“This was to show God’s righteousness . . .” Oh, really? Really? This putting Christ forward “was to show [God’s] righteousness, because in his divine forbearance [patience] he had passed over former sins. It was to show his righteousness at the present time, so that he might be just and the justifier of the one who has faith in Jesus” (Romans 3:25–26).

I don’t think there’s a more important paragraph in the Bible than that right there. I mean, there may be some competing, but that’s just about as close to the center as you can get.

Cursed for Us

Take it apart for just a few minutes with me. God put Christ forward as a propitiation by his blood. Romans 8:3: “God has done what the law, weakened by the flesh, could not do. By sending his own Son in the likeness of sinful flesh and for sin, he condemned sin in the flesh.”

Whose sin? Mine. Whose flesh? Christ’s. That’s an amazing statement. Condemnation happened at the cross. Whose? Mine. In whose flesh? Not mine. This is propitiationPropitiation is the drawing away of condemnation from me. How can this be? How can it go there, on Christ? It belongs here, on me.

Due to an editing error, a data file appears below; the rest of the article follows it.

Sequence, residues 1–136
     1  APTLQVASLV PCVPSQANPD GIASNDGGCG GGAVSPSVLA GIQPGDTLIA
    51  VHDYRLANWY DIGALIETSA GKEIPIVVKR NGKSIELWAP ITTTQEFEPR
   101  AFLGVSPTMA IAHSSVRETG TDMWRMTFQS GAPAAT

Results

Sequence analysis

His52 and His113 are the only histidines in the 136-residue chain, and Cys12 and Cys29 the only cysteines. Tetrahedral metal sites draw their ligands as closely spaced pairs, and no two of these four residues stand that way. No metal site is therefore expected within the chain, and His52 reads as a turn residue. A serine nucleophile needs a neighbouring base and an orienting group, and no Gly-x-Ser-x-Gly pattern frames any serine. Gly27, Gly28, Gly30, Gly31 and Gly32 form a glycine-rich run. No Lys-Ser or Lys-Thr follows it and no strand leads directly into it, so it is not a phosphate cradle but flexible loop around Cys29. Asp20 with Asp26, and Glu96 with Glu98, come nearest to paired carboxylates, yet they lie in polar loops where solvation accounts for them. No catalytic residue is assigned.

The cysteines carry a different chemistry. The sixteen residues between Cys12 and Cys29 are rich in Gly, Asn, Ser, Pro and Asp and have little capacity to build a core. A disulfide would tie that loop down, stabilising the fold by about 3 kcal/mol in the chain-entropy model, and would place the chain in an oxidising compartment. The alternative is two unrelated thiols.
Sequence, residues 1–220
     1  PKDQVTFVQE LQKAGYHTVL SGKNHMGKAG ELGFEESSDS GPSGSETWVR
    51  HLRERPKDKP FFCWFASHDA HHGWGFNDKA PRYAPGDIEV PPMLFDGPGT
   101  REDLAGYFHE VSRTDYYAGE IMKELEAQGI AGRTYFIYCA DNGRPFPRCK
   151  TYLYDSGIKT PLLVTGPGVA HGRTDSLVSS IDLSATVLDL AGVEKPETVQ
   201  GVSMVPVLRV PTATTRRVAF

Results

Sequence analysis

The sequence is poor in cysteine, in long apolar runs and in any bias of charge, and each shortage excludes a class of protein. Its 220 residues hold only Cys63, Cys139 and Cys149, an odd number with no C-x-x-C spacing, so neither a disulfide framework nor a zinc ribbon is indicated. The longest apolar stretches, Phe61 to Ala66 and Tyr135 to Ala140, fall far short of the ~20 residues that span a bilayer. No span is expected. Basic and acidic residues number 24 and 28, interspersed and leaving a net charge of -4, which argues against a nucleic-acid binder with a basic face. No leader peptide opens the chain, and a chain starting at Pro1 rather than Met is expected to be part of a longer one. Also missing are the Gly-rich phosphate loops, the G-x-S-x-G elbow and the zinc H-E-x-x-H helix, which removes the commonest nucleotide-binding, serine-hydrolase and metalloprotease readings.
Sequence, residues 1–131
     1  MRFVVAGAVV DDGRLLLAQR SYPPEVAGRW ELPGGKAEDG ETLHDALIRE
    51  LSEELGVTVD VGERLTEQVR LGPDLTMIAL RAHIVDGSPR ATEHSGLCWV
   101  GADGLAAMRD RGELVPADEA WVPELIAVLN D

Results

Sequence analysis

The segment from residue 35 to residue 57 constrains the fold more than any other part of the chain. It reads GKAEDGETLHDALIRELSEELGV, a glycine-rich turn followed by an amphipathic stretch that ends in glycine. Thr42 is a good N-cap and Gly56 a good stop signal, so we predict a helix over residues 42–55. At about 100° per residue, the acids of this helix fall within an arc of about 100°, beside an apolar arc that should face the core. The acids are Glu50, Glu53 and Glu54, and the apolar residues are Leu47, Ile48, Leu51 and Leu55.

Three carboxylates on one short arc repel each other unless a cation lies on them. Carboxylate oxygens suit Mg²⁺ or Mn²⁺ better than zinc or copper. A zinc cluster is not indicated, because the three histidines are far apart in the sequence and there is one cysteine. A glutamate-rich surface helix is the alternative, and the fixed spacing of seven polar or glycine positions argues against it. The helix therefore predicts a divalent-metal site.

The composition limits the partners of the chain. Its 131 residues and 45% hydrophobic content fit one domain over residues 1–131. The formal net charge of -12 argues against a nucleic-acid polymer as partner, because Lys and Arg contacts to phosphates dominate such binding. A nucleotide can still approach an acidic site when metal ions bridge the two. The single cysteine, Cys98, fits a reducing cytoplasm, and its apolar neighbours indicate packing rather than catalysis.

Galatians 3:13: “Christ redeemed us from the curse of the law by becoming a curse for us.” Whose curse? God’s curse. He’s the one who backs up the law. The law is his word. If there’s a curse in the law on me, it’s coming from God. And Jesus becomes my curse.

So all that to say yes to propitiation; don’t translate it some other way. Don’t use expiation, which simply means “removal of guilt.” Don’t translate it merely as living sacrifice or sacrificial offering. It’s the removal of God Almighty’s just, holy condemnation and wrath, which belongs to me.

Glory Is Gone

Why did he need to do it that way? Why did Christ need to die in order to placate God’s wrath?

“This was to show God’s righteousness.” So, Christ died; God put him forward to die. This was to show God’s righteousness. Why did he need to show his righteousness? That’s a pretty high price for a demonstration of righteousness. Why did he need to show his righteousness?